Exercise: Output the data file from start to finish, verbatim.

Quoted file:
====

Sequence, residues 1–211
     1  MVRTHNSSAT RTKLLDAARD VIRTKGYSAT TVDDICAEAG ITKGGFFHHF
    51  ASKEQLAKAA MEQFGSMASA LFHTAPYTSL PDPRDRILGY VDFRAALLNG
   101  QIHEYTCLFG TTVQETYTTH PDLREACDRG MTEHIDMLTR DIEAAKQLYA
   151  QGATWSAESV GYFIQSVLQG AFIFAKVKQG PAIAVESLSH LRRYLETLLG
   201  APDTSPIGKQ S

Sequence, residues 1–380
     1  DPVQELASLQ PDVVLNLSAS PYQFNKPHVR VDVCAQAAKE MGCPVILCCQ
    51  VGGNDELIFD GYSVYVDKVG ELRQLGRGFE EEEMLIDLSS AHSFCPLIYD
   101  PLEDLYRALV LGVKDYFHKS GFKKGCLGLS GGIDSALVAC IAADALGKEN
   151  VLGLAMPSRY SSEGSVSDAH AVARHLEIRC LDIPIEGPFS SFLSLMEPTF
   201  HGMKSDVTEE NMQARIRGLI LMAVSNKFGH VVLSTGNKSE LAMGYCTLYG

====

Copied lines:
Sequence, residues 1–211
     1  MVRTHNSSAT RTKLLDAARD VIRTKGYSAT TVDDICAEAG ITKGGFFHHF
    51  ASKEQLAKAA MEQFGSMASA LFHTAPYTSL PDPRDRILGY VDFRAALLNG
   101  QIHEYTCLFG TTVQETYTTH PDLREACDRG MTEHIDMLTR DIEAAKQLYA
   151  QGATWSAESV GYFIQSVLQG AFIFAKVKQG PAIAVESLSH LRRYLETLLG
   201  APDTSPIGKQ S

Sequence, residues 1–380
     1  DPVQELASLQ PDVVLNLSAS PYQFNKPHVR VDVCAQAAKE MGCPVILCCQ
    51  VGGNDELIFD GYSVYVDKVG ELRQLGRGFE EEEMLIDLSS AHSFCPLIYD
   101  PLEDLYRALV LGVKDYFHKS GFKKGCLGLS GGIDSALVAC IAADALGKEN
   151  VLGLAMPSRY SSEGSVSDAH AVARHLEIRC LDIPIEGPFS SFLSLMEPTF
   201  HGMKSDVTEE NMQARIRGLI LMAVSNKFGH VVLSTGNKSE LAMGYCTLYG